Upon taking the stage to accept the award for Outstanding Lead Actress in a Comedy Series, the 34-year-old began her speech by describing what the acting process means to her: “I find acting really hard and really painful.”

Meanwhile, at 21, Jharrel Jerome is young enough to have his high school announced as part of his bio while accepting the award for Outstanding Lead Actor in a Limited Series or Movie for When They See Us.

“I feel like I should just be in the Bronx right now, chilling and waiting for my mom’s cooking,” Jerome quipped after taking the stage, his mother cheering him on from the audience.

When They See Us, directed by Ava DuVernay, focuses on the infamous Central Park jogger case that saw five innocent African-American men serve jail time for the rape and assault of a white woman in New York. Jerome, a standout in the 2016 Oscar-winning film Moonlight, portrayed one of the falsely imprisoned men in the film and dedicated his award to them as they cheered him on from the crowd. “This,” he declared, “is for the men we know as the Exonerated 5.”

And Jason Bateman, 50, didn’t take home any acting hardware on the evening, but he did win the award for Outstanding Directing in a Drama Series for Ozark, which surprised many — including him.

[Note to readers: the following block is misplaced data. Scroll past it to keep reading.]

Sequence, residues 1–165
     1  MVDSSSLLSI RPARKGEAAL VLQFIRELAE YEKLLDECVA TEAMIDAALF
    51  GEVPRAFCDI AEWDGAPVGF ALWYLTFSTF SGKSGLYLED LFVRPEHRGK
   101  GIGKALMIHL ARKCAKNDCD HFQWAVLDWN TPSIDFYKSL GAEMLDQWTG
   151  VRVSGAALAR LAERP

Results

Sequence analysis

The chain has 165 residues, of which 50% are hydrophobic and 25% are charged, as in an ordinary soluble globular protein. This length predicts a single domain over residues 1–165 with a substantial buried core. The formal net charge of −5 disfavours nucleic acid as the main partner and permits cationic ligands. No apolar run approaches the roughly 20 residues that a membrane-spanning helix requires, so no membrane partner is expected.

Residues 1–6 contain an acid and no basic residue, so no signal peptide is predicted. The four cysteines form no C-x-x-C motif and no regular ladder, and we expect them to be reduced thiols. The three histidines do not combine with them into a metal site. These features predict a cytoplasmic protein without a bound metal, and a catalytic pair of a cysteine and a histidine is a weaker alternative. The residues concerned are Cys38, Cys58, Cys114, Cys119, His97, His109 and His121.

“Wow,” he said, shocked, as he took the stage. “That is something.”

Notable 45-Plus winners on the evening include…

Tony Shalhoub, 65, Outstanding Supporting Actor in a Comedy Series, The Marvelous Mrs. Maisel

Alex Borstein, 48, Outstanding Supporting Actress in a Comedy Series, The Marvelous Mrs. Maisel

 Patricia Arquette, 51, Outstanding Supporting Actress in a Limited Series or Movie, The Act

Peter Dinklage, 50, Outstanding Supporting Actor in a Drama Series, Game of Thrones

Billy Porter, 50, Outstanding Lead Actor in a Drama Series, Pose

Jason Bateman, 50, Outstanding Directing in a Drama Series, Ozark

Don Roy King, 71, Outstanding Directing for a Variety Series, Saturday Night Live